A probe aboard NASA’s InSight space lander finally appears to be making slow and steady progress in its mission to burrow into the surface of Mars.
NASA said that its new approach of using a scoop on the end of the space lander’s robotic arm to push the 16-inch-long probe – known as the Mole – into the Red Planet’s resilient surface is helping it to gain headway.
Efforts to penetrate the long thin 'self-hammering nail', manufactured by the German Aerospace Center (DLR), into into the Martian surface kicked off in February 2019, but had since stalled.
The Mole needs soil to fall into the hole it’s digging to give it the necessary friction to able to penetrate and go deeper, in its mission to measure the heat from the planet’s interior.
But the probe had encountered an unexpected layer of cemented soil – called ‘duricrust’ – that wasn't falling into the hole the device had dug.
NASA footage from the Red Planet now shows the black digger pushing away at the Mole as it sticks out of the ground at an awkward angle.
‘My team at @NASAJPL & @DLR_en continues to take encouragement from our latest efforts to #SaveTheMole,’ the InSight Twitter account posted.
‘Another push with my robotic arm has helped the mole keep pushing onward. Taking it one step at a time, and reaching out to help where I can.’
NASA anticipates that the whole length of the Mole will finally enter the Martian surface by around June.
‘We anticipate that we’ll have the mole down flush with the ground within another month or two months,’ said Bruce Banerdt, NASA’s principal investigator for InSight, last month.
‘At that point, it’s either going to be able to go on its own or not.’
According to DLR, the scoop on the end of the arm is gently balancing the force of the Mole's recoil in its hammer mechanism.
Because of this, operators are needing to frequently re-position the instrument arm and its scoop.
'That is a very tedious operation,' said Tilman Spohn director of the Institute of Planetary Research of DLR.
'We can only go like 1.5 centimeters [0.6 inches] at a time before we have to readjust.'
Around three months after InSight originally landed on Mars back in November 2018, the Mole was deployed and began penetration.
A depth of about 13 inches was reached fairly rapidly, NASA said, but repeated hammering resulted in no further progress into the surface.
The Mole was designed to penetrate as far down as 16 feet, but needs to be at least 7 feet (2 metres) deep before it can take useful measurements.
Scientists originally thought the probe may have become stuck on a particularly strong rock, but observations determined unforeseen properties of the Martian soil were to blame – in particular the duricrust, which is sand cemented together by salt.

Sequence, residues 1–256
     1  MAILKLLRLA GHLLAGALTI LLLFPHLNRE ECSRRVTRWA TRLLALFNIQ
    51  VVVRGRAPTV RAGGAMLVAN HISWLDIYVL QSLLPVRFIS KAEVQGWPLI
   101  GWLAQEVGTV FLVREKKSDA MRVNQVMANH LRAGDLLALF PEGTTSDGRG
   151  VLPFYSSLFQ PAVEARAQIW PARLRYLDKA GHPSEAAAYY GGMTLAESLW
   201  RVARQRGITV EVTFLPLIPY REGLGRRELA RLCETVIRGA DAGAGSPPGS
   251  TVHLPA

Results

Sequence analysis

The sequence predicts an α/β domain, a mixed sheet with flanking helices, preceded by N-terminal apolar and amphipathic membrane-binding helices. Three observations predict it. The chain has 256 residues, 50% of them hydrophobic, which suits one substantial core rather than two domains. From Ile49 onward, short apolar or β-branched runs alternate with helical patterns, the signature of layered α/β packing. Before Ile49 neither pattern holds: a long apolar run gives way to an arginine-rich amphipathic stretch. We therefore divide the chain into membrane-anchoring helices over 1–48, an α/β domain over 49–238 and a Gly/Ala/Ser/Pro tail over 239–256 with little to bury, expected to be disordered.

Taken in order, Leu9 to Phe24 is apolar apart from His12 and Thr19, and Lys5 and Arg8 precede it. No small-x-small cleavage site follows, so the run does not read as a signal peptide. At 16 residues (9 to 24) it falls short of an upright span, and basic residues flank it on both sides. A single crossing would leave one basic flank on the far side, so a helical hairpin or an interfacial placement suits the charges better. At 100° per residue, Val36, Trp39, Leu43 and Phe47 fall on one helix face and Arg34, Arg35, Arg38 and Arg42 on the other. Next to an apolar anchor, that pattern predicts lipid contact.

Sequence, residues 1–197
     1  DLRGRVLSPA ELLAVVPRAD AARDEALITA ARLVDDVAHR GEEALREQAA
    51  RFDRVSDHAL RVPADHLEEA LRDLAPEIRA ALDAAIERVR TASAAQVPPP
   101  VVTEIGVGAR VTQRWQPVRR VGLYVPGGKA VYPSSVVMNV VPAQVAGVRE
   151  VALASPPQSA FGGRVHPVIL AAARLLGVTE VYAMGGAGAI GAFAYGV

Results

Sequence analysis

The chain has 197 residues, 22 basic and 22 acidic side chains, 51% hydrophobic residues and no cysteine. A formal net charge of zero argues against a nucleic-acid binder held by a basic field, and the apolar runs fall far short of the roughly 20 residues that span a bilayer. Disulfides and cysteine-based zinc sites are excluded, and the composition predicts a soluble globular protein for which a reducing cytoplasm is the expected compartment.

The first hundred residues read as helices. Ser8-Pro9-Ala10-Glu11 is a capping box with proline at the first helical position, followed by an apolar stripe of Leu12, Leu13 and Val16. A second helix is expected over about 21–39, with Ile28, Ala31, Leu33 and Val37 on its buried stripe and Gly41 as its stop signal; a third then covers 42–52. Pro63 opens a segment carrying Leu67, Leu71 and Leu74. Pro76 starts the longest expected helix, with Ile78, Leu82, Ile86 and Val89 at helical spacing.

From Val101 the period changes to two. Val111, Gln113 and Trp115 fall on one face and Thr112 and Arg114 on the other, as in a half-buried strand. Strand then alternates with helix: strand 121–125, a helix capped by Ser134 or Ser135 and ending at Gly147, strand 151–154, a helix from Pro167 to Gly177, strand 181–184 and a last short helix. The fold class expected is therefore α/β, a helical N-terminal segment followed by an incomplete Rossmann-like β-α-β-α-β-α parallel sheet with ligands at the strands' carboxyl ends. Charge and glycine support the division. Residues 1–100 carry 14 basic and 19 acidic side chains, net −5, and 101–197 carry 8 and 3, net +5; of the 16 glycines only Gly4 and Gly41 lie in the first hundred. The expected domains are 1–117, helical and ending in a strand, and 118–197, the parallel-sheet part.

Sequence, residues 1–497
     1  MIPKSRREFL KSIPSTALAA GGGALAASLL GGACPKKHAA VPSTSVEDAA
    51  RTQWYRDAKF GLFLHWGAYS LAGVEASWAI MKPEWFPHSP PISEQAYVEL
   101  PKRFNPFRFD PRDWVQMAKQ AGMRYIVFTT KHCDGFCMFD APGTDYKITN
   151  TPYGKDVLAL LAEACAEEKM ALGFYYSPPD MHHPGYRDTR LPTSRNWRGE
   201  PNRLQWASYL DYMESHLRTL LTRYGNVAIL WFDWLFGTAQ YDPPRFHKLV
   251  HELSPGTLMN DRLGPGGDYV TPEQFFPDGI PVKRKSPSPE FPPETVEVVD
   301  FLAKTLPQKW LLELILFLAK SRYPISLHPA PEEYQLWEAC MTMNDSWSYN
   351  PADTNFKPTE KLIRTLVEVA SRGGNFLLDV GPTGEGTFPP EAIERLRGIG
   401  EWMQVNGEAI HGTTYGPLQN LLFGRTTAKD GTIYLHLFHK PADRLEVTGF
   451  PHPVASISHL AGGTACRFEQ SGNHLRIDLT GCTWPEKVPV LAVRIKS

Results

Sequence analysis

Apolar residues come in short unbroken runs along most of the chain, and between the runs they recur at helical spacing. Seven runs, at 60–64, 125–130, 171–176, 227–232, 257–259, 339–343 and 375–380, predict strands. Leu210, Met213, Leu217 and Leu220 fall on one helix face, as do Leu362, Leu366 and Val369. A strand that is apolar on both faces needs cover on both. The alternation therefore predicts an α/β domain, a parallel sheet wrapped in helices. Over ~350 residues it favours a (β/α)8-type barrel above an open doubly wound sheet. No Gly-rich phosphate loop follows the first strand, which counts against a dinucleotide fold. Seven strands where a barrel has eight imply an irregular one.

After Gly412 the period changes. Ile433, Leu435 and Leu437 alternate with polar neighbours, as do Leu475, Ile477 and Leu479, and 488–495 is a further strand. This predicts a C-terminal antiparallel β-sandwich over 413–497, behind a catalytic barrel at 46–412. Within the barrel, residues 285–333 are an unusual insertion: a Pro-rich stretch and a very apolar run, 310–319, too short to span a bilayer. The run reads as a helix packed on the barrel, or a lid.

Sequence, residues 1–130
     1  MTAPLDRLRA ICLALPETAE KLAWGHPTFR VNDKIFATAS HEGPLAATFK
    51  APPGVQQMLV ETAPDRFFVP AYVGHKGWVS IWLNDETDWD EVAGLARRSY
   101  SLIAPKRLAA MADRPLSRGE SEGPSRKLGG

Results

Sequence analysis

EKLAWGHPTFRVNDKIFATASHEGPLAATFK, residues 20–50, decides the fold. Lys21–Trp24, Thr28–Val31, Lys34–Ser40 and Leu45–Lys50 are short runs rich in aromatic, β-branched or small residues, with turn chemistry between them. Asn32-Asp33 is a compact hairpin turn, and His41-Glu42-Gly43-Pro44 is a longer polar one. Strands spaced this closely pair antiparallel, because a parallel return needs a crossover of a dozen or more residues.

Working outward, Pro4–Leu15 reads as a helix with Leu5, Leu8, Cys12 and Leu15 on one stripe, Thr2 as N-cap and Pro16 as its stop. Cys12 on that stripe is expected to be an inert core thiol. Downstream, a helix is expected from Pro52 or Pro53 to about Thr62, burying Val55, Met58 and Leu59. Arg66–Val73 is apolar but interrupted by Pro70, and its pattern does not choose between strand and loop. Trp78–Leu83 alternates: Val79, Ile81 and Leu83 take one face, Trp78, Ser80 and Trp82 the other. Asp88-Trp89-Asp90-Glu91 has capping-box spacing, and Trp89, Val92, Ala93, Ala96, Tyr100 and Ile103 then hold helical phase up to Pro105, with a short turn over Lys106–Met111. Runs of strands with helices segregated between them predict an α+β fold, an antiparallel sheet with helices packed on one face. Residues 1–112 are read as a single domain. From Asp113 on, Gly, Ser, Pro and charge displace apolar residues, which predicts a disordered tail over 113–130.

Experts believe that the duricrust – which is hidden from sight by a layer of loose surface material – is around 2–4 inches (5–10 centimetres) thick.
NASA said relocating the Mole is not an option, partly because it would encounter the same problem.
As of October, NASA engineers appeared to be making some progress by using the scoop to push the mole sideways against its hole, before revealing a new plan to push down on top of the Mole back in February.
NASA says the goal is to stop the Mole from popping out of its partially dug hole and prevent it from almost burying itself.
However, the arm won’t be able to push down too hard, for fear of damaging a ribbon-like stretch of wires that delivers crucial data back to InSight.
NASA said it hasn't seen any noticeable difference between the performance of the mole on Mars and what has been seen in testing on Earth, nor has it seen evidence that the Mole’s hammering mechanism is damaged.
All other instruments on InSight are operating as well or better than expected, according to Banerdt.
WHAT ARE INSIGHT'S THREE KEY INSTRUMENTS?
Three key instruments will allow the InSight lander to 'take the pulse' of the red planet:
Seismometer: The InSight lander carries a seismometer, SEIS, that listens to the pulse of Mars.
The seismometer records the waves travelling through the interior structure of a planet.
Studying seismic waves tells us what might be creating the waves.
On Mars, scientists suspect that the culprits may be marsquakes, or meteorites striking the surface.
Heat probe: InSight's heat flow probe, HP3, burrows deeper than any other scoops, drills or probes on Mars before it.
It will investigate how much heat is still flowing out of Mars.
Radio antennas: Like Earth, Mars wobbles a little as it rotates around its axis.
To study this, two radio antennas, part of the RISE instrument, track the location of the lander very precisely.
This helps scientists test the planet's reflexes and tells them how the deep interior structure affects the planet's motion around the Sun.